According to the Urban Institute, the Justice Policy Center conducts nonpartisan research and evaluation designed to improve justice and public safety policies and practices at the national, state and local level.


S. DAKOTA – S. Dakota death row inmate says justice will not be served until he is executed

June 18, 2012 :

SIOUX FALLS, S.D. — A convicted murderer said in a letter written from death row that the South Dakota Supreme Court owes it not only to him but to the family of the prison guard he killed to allow his execution to take place in a timely manner. It’s the only way, he said, the guard’s family can get justice.

PHOTO: FILE - In this Oct. 14, 2011, file photo Eric Robert appears during a hearing in Sioux Falls, S.D. Robert pleaded guilty to killing Ron Johnson during a botched prison escape at the South Dakota State Penitentiary and asked to be put to death. A judge determined in October that the crime merited the death sentence, and Robert was scheduled for execution the week of May 13 but the state Supreme Court postponed the date in February to allow more time for a mandatory review to make sure the death penalty was proper, even though Robert hadn't appealed the conviction or sentence. The review could take up to two years. (AP Photo/Argus Leader, Emily Spartz, File)

Eric Robert, 50, pleaded guilty to killing Ron Johnson during a botched prison escape at the South Dakota State Penitentiary and asked to be put to death. A judge determined in October that thecrime merited the death sentence, and Robert was scheduled for execution the week of May 13.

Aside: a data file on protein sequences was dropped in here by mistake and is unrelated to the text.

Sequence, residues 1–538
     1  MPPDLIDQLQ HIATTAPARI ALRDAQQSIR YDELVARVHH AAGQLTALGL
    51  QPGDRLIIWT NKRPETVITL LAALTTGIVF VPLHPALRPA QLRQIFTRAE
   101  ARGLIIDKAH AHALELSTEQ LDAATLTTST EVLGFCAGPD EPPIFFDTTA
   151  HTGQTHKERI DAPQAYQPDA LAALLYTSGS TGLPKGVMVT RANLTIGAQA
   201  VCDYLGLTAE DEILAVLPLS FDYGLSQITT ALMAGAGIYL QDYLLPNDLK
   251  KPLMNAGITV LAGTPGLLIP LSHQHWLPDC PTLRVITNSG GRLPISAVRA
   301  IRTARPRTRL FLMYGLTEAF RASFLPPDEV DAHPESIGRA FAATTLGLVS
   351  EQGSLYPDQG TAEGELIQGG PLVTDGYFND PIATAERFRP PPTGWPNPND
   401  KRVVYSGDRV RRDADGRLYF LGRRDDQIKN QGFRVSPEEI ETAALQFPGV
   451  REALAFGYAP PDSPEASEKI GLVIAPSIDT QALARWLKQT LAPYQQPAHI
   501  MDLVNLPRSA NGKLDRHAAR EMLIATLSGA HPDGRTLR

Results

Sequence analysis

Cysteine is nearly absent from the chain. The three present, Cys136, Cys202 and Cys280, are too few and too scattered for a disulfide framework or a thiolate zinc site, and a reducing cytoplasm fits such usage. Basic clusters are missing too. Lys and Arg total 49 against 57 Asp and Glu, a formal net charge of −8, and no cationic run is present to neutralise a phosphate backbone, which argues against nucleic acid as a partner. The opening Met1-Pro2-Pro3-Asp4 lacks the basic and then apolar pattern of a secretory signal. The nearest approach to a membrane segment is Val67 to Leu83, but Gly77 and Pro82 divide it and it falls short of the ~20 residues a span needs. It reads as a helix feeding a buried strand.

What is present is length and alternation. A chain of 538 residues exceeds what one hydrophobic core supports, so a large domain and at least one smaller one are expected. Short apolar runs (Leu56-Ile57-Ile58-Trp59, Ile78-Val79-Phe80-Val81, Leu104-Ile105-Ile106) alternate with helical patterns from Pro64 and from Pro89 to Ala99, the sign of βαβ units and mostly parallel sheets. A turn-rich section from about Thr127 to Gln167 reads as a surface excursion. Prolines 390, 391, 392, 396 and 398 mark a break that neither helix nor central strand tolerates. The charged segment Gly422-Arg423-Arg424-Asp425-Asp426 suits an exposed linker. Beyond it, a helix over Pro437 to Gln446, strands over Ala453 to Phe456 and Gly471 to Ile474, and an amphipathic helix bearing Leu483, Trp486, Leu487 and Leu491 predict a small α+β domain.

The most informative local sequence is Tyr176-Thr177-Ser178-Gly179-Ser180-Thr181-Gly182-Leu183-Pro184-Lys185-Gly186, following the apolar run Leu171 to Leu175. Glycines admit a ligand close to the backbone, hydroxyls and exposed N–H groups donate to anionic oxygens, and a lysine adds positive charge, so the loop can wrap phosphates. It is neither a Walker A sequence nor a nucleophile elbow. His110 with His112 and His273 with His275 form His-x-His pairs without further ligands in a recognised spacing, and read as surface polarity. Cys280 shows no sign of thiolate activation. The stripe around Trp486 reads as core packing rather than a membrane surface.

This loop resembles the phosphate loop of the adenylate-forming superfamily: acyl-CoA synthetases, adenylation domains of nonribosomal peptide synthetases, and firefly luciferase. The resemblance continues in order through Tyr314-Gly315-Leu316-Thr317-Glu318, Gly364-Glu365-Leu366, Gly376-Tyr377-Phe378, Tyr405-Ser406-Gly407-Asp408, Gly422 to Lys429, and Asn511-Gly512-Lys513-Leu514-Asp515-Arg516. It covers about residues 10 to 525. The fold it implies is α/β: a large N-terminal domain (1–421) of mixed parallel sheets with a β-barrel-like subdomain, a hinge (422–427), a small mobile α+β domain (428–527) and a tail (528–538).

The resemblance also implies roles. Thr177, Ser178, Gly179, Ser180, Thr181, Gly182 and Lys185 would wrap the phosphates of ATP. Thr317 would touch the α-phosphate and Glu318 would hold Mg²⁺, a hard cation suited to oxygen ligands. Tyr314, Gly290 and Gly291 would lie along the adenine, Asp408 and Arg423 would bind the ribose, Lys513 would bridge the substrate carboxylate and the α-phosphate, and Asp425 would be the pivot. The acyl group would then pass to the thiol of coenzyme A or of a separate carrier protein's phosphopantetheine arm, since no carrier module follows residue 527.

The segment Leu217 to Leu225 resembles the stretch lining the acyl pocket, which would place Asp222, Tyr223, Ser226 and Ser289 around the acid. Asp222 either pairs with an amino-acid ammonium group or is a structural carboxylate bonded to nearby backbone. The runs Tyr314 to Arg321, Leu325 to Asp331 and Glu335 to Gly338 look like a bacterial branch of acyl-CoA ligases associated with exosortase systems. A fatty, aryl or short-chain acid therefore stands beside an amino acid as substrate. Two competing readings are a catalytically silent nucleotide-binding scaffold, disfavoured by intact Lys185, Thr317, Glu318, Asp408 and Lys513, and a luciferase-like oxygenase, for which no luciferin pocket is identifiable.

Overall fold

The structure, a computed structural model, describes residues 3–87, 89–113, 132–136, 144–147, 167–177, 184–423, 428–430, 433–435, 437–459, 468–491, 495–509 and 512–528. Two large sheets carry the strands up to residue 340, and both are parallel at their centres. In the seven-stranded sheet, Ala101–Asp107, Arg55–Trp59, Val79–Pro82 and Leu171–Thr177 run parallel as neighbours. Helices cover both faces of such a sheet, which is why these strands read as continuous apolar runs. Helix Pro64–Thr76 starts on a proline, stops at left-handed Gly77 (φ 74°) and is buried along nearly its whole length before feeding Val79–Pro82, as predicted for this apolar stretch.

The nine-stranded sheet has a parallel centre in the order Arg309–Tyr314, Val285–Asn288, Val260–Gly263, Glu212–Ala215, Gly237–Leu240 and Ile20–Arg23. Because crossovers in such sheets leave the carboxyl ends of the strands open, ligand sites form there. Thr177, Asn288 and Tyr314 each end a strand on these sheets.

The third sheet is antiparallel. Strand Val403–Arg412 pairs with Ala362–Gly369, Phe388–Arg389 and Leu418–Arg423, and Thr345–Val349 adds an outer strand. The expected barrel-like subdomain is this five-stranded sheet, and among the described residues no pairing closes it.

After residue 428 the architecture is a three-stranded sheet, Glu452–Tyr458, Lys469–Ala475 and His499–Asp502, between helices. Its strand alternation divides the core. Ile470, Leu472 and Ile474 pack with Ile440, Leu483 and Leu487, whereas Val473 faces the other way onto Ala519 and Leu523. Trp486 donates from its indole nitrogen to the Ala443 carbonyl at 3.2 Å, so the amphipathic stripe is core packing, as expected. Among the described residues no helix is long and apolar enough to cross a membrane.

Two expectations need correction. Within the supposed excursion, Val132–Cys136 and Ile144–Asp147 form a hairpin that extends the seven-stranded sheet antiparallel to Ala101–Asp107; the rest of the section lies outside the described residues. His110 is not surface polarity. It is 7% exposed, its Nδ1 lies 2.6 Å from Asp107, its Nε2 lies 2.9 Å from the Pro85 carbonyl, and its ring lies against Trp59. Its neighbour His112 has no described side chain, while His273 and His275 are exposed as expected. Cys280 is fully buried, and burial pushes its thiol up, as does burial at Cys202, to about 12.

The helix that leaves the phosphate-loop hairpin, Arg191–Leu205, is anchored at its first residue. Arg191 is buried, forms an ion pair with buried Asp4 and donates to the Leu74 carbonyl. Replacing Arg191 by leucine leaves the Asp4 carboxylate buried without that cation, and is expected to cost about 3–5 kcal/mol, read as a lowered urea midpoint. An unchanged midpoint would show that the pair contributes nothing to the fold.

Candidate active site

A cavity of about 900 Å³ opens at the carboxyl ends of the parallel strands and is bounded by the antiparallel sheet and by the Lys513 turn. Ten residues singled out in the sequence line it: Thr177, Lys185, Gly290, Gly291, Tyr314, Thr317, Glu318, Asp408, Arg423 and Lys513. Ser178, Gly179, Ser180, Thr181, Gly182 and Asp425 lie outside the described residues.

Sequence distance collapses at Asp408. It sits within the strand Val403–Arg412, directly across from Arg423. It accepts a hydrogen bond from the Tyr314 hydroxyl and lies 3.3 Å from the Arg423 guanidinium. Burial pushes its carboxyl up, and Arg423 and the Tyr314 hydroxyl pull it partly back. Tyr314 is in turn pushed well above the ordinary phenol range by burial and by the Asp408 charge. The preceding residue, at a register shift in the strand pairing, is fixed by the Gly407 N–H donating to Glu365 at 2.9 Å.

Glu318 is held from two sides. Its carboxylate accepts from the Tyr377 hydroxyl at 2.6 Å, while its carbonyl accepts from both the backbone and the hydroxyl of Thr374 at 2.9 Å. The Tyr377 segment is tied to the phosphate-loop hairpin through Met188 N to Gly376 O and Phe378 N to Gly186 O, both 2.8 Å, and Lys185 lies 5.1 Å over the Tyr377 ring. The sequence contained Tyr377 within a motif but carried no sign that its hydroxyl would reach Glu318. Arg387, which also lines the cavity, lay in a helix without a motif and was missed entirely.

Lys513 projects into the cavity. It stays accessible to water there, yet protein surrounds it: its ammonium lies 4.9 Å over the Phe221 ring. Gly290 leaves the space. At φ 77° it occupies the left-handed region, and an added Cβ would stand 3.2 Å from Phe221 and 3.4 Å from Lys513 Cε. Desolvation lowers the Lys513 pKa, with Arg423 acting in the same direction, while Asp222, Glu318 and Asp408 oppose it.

But the state Supreme Court postponed the date in February to allow more time for a mandatory review to make sure the death penalty was proper, even though Robert hadn’t appealed the conviction or sentence. The review could take up to two years.

In a three-page letter to The Associated Press, Robert detailed why he believes the death sentence is appropriate in his case and described his aggravation with the delay. The letter represented Robert’s first public comments since his October sentencing.

He said justice works differently in death penalty cases than in others.

“Victims of non-capital offenses receive their justice when the perpetrator is placed in custody. Victims in capital cases receive their justice when the perpetrator is executed. Give the Ron Johnson family their justice, they have been forced to wait too long. I finish where I started — I deserve to die,” he said, alluding to a statement he read during his trial that started with “I deserve to die.”

Robert, a chemist who worked for the Environmental Protection Agency before overseeing a city water treatment department, was serving an 80-year-sentence on a kidnapping conviction when he attempted to escape April 12, 2011, with inmate Rodney Berget.

Robert contends he was drunk and trying to rob an 18-year-old woman of $200, not sexually assault her, in the kidnapping case. He was sentenced to 80 years in prison and would not have been eligible for parole until he was 83. He focused obsessively on getting his sentence reduced, but his appeal was denied in 2009, leading to what the judge at his death penalty trial called an “internal war” that eventually left Johnson dead.